Wellfleet has the ambience of an art colony with its galleries and photogenic architecture. Wellfleet oysters are famous and shipped around the world. Once called Billingsgate, the town was incorporated in 1763. The name may be derived from the words “whale fleet” as Wellfleet had 30 whalers during the whaling era. Marconi Wireless Station overlooks the Atlantic, famous for transmitting the first wireless telegraph in 1903. The headquarters of the National Seashore is in town and more than half of its land lies within the Seashore. On the opposite coast is Wellfleet Bay. The Wellfleet Audubon Society Wildlife Center attracts nature lovers as does the Atlantic White Cedar Swamp. Adults who visited Wellfleet as children may remember the Cape’s only drive-in theater. It’s still there.

Golfers on the Highland Links course in Truro might think they were in Scotland, due to the type of course they’re playing and its wonderful views of the Atlantic and of Highland Lightnearby. The lighthouse is the oldest on Cape Cod, built in 1797, rebuilt in 1857, and moved back from its eroding bluff in the 1990s. The views in Truro are spectacular, whether you’re on the Cape Cod Bay side with its sunsets over the water and its rows of picturesque cabins built on a stretch of beach or the open Atlantic with its pounding surf and shifting dunes. The Cape Cod National Seashore comprises more than 60% of the town and the town’s population is the smallest on Cape Cod.

Provincetown fits many descriptions. It’s a town synonymous with the LGBT community; it’s an art colony and a community of fishermen, many of them Portuguese. These descriptions need not have distinct boundaries; often they overlap. Ultimately, a picture is worth more than words: take a trip down Commercial Street and everything that is Provincetown is there. There are all the shops and restaurants and people to watch that you would expect, but with everything sensory turned up a notch. There’s the Portuguese Festival and Carnival in summer. In winter, the street is quiet and bleakly beautiful.  The Pilgrims landed here in 1620 and the Mayflower Compact was signed on board their ship in Provincetown Harbor.


Route 6A…

There are those of us residents who make a day trip out of Route 6A…as it is in many ways a destination unto itself.  It begins in Sandwich and continues all the way to Orleans.  There’s a lot to see in those 34 miles, but the road is winding, often narrow, as its ancestor must have been, the original Native American trail it once was.  Eventually named “Old King’s Highway,”  it served as the main thoroughfare down the Cape until Route 6 was built (Route 28 will get you there too, but it is more twentieth and twenty-first century).  When you want Cape Cod history incarnate, Route 6A gives you this and more.  Every season is the best one to make the trip.  Many grand homes owned by sea captains who knew about storms and so built away from the water have water views yet, if only in winter.  The traveler can catch glimpses of the bleached dunes of Sandy Neck between side porches and through side yards.  The front lawns of simple Capes are graced in spring with daffodils and hedges of forsythia. In summer, the heat clings in the lush green of stately trees.  Autumn is a long bittersweet ride of oranges, reds, old fashioned mums blooming over stone walls.  But these are just the visuals.  There are antique shops, galleries, restaurants, conservation areas and side roads to the water along the way.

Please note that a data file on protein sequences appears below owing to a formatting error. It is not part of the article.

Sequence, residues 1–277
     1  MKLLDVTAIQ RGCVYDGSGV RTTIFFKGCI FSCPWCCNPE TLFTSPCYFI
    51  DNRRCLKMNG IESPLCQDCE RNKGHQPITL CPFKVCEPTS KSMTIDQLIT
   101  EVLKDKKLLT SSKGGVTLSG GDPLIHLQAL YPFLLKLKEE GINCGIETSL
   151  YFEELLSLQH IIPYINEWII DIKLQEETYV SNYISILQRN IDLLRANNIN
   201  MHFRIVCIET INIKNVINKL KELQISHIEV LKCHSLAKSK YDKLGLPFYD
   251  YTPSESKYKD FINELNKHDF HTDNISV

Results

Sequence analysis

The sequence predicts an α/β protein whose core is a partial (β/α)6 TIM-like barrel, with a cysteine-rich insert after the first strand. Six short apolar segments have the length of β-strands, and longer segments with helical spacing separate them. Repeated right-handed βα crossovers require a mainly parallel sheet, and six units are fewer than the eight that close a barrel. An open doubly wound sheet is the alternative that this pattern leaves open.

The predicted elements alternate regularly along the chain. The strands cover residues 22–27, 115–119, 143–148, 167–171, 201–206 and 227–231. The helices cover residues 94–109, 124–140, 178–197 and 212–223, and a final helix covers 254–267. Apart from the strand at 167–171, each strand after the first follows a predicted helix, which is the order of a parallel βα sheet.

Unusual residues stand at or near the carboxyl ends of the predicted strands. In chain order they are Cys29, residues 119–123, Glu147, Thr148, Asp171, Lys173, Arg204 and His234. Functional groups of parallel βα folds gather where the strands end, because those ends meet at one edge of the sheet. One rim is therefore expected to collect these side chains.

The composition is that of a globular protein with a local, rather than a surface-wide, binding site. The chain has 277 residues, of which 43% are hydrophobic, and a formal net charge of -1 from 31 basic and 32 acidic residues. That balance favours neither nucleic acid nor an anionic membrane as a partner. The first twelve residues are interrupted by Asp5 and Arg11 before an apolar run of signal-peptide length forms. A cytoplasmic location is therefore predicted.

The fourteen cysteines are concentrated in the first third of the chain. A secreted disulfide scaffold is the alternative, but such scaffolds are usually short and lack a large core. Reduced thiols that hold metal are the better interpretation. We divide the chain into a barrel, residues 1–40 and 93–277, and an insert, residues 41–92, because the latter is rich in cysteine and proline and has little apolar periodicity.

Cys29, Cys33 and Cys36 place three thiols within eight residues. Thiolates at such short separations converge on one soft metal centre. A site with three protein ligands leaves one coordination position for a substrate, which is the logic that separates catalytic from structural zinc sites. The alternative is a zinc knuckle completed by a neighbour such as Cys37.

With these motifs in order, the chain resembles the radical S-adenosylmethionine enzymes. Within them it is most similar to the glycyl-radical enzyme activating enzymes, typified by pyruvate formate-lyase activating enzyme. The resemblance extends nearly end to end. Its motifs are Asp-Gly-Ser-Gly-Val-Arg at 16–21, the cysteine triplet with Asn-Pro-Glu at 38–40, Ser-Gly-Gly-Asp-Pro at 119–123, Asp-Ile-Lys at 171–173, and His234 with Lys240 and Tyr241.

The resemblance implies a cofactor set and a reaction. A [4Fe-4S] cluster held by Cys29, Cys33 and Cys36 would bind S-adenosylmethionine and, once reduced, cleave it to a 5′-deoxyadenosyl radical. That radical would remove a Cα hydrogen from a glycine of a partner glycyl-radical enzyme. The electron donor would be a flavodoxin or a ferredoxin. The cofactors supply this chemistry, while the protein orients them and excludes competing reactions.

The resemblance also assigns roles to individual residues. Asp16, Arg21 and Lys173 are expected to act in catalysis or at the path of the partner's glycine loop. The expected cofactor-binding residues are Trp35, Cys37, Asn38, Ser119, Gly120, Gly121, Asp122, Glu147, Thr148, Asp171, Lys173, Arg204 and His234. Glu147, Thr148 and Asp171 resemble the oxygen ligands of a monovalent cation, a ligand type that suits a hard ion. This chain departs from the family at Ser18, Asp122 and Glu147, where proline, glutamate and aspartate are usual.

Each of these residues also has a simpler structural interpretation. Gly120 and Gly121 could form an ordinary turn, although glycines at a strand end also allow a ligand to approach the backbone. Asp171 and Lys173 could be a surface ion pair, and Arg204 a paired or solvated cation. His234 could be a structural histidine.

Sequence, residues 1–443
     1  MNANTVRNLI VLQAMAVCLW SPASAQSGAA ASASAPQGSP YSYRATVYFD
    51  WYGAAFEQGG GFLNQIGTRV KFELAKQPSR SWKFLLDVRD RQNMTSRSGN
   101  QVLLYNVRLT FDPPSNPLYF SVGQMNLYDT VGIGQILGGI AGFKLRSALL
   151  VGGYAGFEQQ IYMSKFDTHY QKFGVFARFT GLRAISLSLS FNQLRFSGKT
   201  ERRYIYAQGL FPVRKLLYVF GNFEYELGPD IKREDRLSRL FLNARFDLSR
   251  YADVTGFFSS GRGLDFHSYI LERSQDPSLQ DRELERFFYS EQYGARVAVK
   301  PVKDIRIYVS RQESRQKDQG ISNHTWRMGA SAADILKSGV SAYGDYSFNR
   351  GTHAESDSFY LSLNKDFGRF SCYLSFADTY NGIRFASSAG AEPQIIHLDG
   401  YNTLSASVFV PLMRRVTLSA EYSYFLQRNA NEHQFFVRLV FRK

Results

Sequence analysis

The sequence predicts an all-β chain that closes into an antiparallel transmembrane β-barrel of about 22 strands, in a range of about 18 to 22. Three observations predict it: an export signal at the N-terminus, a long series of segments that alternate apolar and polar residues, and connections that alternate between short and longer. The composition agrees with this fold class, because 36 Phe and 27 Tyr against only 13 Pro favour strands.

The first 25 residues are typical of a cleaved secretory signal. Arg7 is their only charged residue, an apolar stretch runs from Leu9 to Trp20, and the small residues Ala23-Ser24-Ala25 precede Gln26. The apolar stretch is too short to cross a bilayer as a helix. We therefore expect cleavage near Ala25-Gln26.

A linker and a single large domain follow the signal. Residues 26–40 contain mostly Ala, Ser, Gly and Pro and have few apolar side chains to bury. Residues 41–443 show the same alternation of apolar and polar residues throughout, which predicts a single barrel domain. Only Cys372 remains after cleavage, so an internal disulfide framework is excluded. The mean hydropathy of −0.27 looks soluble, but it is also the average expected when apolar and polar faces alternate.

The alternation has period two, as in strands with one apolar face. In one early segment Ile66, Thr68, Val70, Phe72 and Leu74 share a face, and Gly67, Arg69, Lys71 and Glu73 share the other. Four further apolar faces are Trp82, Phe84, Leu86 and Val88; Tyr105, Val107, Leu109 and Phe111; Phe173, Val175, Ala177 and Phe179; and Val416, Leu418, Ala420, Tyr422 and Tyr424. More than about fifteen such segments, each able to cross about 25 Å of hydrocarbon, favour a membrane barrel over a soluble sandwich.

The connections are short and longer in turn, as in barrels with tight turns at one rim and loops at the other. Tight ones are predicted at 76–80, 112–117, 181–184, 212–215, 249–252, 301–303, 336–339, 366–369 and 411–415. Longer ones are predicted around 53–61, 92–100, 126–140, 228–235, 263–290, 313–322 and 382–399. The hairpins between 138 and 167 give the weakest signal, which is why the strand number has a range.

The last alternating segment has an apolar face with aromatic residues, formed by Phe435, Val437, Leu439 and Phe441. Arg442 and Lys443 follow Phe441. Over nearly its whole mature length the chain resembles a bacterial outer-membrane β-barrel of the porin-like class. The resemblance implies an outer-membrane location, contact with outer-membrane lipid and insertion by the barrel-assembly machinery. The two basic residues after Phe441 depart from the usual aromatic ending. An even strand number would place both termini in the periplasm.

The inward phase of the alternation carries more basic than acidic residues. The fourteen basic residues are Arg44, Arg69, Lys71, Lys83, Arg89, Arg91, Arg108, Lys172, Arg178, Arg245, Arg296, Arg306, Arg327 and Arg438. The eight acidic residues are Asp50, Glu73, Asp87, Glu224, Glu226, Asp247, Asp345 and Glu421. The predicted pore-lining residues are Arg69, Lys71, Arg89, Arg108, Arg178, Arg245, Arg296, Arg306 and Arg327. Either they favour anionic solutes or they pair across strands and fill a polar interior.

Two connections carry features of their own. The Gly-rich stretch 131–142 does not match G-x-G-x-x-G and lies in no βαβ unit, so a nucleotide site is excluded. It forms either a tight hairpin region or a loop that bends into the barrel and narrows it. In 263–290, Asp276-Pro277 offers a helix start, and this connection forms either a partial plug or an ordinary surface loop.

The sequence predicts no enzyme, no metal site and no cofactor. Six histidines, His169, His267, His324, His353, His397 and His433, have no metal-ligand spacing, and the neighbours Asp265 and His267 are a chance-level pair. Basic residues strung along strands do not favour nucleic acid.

Route 28…

This is a road with multiple personalities.  It actually exists on the other side of the Canal, coming through Wareham and Buzzard’s Bay as Cranberry Highway.  Over the Bourne Bridge and it becomes a four-lane divided highway just off the Rotary called MacArthur’s Boulevard.  Here it continues as all-business; car dealerships, fast food places, bank branches. It runs all the way into Falmouth, makes a curve into downtown, past the Falmouth Town Green.  Now it is Main Street, lined with shops, churches, bed and breakfasts in antique homes.   It winds through Mashpee through several of the villages in Barnstable, including Hyannis, all the way to Orleans.  This is not the easiest road to travel, especially in summer, but if you’re patient, open-minded to different atmospheres, you won’t miss out.  From mini-golf to fine dining, it’s all here.